Author: John McLaughlin
“Children are a protected resource!”
The nine-year-olds repeat the Camp Haven creed and then take their seats, gaze never wavering from the flag.
At the head of the class, a strapping man swells with pride at the sight of these glowing youth. “Hi boys and girls! My name’s Sergeant Wallace.” He waits with an expectant grin.
A smattering of mumbles returns: “Hi, Sergeant Wallace.”
“First, I want you all to know: your parents love you very, very much–” he places emphasis on each syllable,
“–and that’s why you’re here at Camp Haven.” A blank smart-board buzzes on the wall behind him.
“Would anyone like to share their story with the class today?”
A boy in the front raises his hand tentatively: “Well, uh, one night I woke up in bed–and my Gramma was there in the room with me. And she had a big needle and she was about to stick me with it and I screamed and my Dad ran in. And then my Mom and Dad said I had to come here for a while to stay away from Gramma and the old folks and–”
“Thank you, young man,” Wallace bends to pat him gingerly on the shoulder, “what a great start to my story! Today I’m going to explain why it’s so important to protect kids like you.” He clicks the device in his palm and the smart-board blinks to life.
“Has anyone ever heard of Professor Kuruwaza?”
A girl in the second row shoots up her arm: “My Uncle said that he took a really old mouse, and he put some blood in it, and the old mouse got young again.”
“That’s right! He drew some blood from a young mouse and put it in the old one, and that reversed the old age. And that’s why we call it the Kuruwaza effect.”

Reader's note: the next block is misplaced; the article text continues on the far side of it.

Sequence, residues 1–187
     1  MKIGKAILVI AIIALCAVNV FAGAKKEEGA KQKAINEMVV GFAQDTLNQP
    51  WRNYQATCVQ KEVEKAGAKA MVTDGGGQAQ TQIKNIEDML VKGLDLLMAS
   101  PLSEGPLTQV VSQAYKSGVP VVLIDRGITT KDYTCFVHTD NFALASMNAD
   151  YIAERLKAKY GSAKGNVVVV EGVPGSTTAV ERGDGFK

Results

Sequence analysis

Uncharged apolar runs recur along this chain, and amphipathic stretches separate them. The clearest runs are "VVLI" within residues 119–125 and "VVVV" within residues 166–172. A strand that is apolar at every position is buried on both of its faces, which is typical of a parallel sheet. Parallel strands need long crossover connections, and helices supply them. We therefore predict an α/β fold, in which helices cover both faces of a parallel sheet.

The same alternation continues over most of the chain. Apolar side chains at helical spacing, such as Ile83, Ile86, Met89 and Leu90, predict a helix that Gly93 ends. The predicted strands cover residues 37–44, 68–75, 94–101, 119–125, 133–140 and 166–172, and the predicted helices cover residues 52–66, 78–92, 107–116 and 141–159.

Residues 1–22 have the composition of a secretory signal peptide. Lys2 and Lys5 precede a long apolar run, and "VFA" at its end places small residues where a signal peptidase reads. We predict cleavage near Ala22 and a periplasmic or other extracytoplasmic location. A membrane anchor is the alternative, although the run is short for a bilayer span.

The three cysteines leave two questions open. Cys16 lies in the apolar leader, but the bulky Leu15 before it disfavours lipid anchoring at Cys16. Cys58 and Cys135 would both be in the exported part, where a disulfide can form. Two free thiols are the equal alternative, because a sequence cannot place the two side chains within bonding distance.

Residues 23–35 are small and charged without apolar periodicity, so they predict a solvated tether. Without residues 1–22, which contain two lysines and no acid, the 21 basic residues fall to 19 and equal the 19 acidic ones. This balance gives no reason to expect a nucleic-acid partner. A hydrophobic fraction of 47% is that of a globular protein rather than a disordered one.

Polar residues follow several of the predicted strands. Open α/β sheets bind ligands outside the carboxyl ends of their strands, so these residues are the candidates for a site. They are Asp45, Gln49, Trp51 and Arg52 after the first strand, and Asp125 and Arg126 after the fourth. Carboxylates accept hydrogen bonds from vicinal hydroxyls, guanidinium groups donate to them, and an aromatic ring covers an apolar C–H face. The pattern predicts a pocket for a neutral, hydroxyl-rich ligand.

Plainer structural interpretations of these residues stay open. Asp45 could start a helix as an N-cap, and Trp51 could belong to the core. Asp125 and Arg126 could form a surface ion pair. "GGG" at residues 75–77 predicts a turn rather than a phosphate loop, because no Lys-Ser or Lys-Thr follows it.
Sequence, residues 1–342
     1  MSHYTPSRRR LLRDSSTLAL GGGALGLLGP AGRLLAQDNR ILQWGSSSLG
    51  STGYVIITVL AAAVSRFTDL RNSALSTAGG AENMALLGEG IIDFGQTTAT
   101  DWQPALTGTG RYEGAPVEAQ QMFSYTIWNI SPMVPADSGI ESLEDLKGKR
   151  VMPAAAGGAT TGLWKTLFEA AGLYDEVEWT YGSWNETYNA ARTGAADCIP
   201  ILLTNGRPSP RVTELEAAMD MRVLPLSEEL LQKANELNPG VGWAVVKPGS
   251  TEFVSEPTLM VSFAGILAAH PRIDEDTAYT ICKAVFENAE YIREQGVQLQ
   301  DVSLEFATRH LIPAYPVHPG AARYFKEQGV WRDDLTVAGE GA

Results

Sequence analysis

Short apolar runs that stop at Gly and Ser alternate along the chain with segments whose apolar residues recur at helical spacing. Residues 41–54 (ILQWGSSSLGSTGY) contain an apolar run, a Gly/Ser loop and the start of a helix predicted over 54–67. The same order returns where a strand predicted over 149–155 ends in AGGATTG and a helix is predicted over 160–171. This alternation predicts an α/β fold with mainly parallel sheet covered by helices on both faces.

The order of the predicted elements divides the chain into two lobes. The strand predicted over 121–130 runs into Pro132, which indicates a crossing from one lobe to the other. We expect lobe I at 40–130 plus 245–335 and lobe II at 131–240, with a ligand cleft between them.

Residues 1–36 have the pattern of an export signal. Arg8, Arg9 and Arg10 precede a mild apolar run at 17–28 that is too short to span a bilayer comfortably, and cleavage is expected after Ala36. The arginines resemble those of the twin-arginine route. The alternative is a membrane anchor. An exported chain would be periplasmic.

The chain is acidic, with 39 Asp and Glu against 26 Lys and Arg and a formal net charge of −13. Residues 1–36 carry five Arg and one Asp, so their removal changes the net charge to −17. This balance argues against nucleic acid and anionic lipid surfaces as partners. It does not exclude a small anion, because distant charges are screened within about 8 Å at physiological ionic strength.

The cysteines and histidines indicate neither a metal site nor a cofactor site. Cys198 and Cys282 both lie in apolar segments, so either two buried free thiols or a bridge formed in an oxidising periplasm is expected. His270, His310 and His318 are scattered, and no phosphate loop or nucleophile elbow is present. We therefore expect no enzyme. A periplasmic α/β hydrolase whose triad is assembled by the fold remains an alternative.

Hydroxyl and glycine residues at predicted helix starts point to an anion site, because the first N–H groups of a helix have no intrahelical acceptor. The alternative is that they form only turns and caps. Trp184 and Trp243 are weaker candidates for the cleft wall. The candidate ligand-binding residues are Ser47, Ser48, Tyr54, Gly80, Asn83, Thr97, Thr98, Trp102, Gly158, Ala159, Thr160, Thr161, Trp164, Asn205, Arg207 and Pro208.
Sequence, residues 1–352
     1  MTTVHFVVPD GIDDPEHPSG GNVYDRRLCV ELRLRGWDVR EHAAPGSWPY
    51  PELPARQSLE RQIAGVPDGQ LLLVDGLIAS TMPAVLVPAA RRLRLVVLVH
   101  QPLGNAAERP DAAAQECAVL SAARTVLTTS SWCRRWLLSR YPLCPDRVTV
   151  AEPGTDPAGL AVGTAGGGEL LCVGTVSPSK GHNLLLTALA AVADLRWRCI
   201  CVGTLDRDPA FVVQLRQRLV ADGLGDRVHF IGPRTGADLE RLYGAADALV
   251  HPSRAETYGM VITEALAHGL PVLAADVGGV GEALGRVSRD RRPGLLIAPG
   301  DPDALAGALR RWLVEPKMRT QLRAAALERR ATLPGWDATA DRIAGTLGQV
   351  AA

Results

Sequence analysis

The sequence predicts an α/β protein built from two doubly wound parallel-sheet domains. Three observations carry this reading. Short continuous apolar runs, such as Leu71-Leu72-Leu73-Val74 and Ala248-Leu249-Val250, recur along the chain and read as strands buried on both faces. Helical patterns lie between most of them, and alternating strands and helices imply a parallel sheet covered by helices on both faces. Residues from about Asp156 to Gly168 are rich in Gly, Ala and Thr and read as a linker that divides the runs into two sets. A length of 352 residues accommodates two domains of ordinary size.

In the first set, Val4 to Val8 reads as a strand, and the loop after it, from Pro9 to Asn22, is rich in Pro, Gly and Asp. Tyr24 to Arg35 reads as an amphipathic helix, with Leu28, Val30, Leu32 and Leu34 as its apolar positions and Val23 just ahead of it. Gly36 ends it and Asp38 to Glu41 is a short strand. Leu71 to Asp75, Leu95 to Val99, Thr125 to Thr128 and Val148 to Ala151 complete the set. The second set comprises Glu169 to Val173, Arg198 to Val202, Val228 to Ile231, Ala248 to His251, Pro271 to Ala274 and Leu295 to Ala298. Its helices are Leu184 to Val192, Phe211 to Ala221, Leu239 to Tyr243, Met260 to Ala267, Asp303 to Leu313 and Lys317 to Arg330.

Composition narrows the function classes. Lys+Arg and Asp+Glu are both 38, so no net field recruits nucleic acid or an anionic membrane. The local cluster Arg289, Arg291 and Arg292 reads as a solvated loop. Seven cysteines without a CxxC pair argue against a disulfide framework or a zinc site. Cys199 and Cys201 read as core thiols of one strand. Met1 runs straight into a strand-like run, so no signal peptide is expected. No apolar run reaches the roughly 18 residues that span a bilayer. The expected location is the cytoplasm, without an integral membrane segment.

Wallace summons the next slide onscreen. “And then he tried the experiment on real people like you and me, and you know what? The same thing happened!” Two panels: on the left, a woman in her mid sixties–wrinkled and frumpy, wearing a vacant expression; and on the right, after treatment, looking thirty years younger.
“After that experiment, a lot more old people wanted to try it out too. They wanted to be young again like the lady here. So the government–you guys know what the government is, right? The government made special laws to protect kids like you. Because you’re very special, and you deserve to keep your blood all for yourselves.”
“Eww!” drawls the redhead in row three.
Wallace smiles. He can see a sentry fidgeting nervously in the doorway but ignores him; he’s on a roll.
He spins on his heel and jabs a finger at the next image: an ancient crone, his sly grin revealing a snaggletooth. “Now what should you do if you see one of those?”
“Tell a Guardian!”
Wallace’s grin widens. “That’s right, boys and girls. You just tell me or anyone else here at Camp Haven.”
The young guard finally musters the courage to step over the threshold, marches up to Wallace and stammers into his ear: “Sir, we just took down a pack of Boomers outside the fence.”
“Okay, double our men on patrol. I want–”
When the propane bomb shreds the gates of Camp Haven–triggering the klaxon alarm and a general lockdown–the men don’t hesitate before throwing themselves into battle. There will be carnage, but their mission is sacred.
They know that young blood is too precious to spill.